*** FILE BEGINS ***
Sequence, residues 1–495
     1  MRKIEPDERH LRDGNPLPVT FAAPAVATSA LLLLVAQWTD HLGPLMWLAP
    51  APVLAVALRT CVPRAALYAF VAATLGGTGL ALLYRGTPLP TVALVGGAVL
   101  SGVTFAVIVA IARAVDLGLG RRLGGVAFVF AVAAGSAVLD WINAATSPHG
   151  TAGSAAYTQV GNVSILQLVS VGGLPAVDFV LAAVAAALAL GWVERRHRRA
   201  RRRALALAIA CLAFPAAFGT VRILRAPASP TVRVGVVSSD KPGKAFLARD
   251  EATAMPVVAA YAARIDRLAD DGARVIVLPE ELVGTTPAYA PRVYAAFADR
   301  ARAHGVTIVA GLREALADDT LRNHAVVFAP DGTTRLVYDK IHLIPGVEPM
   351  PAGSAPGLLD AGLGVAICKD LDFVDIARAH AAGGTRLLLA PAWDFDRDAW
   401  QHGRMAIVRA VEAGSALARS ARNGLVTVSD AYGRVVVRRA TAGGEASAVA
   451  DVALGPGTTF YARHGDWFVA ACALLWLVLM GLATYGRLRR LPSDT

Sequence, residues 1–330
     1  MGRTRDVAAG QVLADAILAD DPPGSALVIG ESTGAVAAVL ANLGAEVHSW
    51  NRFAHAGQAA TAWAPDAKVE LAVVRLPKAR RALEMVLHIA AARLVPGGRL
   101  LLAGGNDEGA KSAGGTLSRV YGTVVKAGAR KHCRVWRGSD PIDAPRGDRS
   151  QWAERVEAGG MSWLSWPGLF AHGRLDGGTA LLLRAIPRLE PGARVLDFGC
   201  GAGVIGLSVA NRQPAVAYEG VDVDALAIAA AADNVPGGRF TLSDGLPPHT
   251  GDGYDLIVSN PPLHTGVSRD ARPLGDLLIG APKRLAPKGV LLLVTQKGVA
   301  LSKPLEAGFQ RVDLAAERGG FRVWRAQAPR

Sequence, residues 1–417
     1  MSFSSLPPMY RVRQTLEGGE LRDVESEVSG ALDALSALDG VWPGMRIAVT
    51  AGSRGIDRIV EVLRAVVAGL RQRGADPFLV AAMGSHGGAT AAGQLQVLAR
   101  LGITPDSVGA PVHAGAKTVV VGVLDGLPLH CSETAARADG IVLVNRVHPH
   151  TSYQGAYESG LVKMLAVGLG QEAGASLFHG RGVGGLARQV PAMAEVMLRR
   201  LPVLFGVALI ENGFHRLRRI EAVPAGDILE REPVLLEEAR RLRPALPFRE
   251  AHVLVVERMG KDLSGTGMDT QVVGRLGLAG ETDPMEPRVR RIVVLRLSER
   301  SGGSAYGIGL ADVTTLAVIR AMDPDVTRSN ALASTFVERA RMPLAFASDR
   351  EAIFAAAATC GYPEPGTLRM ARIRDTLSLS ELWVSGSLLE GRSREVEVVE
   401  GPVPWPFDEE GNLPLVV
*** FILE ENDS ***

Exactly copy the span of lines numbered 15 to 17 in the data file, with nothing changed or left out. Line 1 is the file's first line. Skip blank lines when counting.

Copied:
   101  LLAGGNDEGA KSAGGTLSRV YGTVVKAGAR KHCRVWRGSD PIDAPRGDRS
   151  QWAERVEAGG MSWLSWPGLF AHGRLDGGTA LLLRAIPRLE PGARVLDFGC
   201  GAGVIGLSVA NRQPAVAYEG VDVDALAIAA AADNVPGGRF TLSDGLPPHT